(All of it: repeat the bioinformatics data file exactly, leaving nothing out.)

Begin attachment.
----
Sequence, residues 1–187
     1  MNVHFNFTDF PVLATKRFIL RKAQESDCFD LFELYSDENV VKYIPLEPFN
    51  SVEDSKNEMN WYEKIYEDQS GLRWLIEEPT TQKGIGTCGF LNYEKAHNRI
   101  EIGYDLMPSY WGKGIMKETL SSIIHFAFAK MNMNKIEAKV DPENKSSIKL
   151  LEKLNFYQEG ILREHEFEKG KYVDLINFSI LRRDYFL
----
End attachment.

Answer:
Sequence, residues 1–187
     1  MNVHFNFTDF PVLATKRFIL RKAQESDCFD LFELYSDENV VKYIPLEPFN
    51  SVEDSKNEMN WYEKIYEDQS GLRWLIEEPT TQKGIGTCGF LNYEKAHNRI
   101  EIGYDLMPSY WGKGIMKETL SSIIHFAFAK MNMNKIEAKV DPENKSSIKL
   151  LEKLNFYQEG ILREHEFEKG KYVDLINFSI LRRDYFL